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Human emotion recognition using smart sensors : a thesis submitted in fulfilment of the requirements for the degree of Master of Engineering in Electronics and Communication Engineering, School of Engineering and Advanced Technology, Massey University, Palmerston North, New Zealand, February 2012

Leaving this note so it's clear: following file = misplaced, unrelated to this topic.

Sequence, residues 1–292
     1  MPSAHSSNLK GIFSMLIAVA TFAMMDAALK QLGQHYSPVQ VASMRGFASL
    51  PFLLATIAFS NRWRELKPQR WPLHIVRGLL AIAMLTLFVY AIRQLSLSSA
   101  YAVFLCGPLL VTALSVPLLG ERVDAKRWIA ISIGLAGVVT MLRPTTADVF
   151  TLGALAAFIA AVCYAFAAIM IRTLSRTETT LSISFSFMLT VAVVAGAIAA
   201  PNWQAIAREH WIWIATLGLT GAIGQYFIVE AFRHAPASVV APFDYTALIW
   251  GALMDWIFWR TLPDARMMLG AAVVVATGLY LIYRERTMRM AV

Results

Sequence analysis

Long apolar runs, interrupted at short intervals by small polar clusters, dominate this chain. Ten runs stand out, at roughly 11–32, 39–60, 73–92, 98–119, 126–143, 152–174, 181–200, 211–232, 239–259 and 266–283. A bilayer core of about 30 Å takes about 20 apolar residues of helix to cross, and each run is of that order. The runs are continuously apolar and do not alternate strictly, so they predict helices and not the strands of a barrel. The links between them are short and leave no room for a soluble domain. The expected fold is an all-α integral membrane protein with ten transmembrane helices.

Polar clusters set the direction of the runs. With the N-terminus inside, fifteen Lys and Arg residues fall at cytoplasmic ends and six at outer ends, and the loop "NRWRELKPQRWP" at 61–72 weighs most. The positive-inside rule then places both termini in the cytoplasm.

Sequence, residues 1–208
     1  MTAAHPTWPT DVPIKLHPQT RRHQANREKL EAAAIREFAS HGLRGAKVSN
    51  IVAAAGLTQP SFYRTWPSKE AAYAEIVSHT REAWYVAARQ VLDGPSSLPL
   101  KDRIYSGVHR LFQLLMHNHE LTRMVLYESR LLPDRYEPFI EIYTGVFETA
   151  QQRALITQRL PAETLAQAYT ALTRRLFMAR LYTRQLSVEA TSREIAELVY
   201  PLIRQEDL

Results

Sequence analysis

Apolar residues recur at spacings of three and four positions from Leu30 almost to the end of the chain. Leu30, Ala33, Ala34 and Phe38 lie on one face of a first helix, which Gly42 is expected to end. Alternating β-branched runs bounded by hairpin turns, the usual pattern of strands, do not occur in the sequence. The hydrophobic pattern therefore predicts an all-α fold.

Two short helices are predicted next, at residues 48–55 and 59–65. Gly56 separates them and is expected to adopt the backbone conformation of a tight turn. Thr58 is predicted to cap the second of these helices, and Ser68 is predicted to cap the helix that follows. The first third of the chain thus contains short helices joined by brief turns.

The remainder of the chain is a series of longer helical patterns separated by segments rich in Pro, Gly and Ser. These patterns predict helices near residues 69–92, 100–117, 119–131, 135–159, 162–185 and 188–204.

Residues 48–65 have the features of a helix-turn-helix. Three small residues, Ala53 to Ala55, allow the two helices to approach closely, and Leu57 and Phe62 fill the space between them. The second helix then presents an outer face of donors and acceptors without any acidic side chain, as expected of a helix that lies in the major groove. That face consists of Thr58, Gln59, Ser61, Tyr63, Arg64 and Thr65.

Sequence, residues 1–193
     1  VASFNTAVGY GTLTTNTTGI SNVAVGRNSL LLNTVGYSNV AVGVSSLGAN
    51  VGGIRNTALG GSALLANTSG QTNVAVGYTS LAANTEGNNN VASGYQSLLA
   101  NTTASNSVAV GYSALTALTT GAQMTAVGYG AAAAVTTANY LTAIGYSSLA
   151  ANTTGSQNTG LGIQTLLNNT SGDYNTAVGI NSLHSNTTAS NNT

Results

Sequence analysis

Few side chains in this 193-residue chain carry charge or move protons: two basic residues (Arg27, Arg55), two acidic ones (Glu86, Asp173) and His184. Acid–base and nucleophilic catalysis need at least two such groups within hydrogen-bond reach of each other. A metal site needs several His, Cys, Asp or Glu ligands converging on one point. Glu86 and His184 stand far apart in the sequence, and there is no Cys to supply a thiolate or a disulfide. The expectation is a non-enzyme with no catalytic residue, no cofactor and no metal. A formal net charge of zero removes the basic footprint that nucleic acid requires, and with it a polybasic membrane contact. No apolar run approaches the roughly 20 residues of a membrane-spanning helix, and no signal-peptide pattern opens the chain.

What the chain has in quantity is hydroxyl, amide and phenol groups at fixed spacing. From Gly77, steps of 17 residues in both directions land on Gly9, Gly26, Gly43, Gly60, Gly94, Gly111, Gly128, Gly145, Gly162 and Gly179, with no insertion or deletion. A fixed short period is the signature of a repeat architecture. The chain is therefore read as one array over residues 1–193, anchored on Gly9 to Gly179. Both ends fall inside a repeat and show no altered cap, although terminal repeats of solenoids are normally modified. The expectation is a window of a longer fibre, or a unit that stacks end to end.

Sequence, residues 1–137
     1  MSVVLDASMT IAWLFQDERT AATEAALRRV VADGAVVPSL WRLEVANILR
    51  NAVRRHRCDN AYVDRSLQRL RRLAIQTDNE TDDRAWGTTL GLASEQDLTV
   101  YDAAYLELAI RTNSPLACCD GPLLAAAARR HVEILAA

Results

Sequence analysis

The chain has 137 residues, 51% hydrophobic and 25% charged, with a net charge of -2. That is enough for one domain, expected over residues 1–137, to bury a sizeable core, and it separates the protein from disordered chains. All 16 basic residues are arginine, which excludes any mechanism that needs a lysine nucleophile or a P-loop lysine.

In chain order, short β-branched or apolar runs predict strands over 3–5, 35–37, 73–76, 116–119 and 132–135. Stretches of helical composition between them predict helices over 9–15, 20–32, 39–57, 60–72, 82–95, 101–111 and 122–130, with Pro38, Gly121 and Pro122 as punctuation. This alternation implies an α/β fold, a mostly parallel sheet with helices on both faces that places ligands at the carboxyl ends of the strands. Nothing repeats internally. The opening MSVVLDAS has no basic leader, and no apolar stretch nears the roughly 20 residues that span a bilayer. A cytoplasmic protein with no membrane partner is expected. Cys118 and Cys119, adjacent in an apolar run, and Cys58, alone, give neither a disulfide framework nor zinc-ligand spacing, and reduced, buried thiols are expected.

Emotions play a vital role in people’s everyday life. It is a mental state that does not arise through free will and is often accompanied by physiological changes. Therefore monitoring these changes is important as they are perceptions of emotional changes and can help in identifying matters of concern at an early stage before they become serious. Emotion recognition has become an important subject when it comes to human-machine interaction. Various methods have been used in the past to detect and evaluate human emotions. The most commonly used techniques include the use of textual information, facial expressions, speech, body gestures and physiological signals. In this project we have developed an emotion recognition system based on information provided by the physiological signals. These signals are obtained from a skin temperature sensor, a heart rate sensor, and a skin conductance sensor. The amplified and filtered signals from the sensors are input into the microcontroller where all the processing takes place. The microcontroller wirelessly transmits data to a computer where it is stored for data analyses and feature extraction for emotion recognition. The four basic emotions observed in this project are happy (excited), sad, angry and neutral (relaxed). The data has been collected from healthy individuals, including both male and female, with ages ranging from 18 to 72 years. K-means clustering algorithm has been used to cluster data into four groups (emotions). A graphical user interface (GUI) has been designed to communicate with the hardware as well as display real-time emotion(s) for the monitored period. The developed system has shown an overall emotion recognition rate of 86.25%.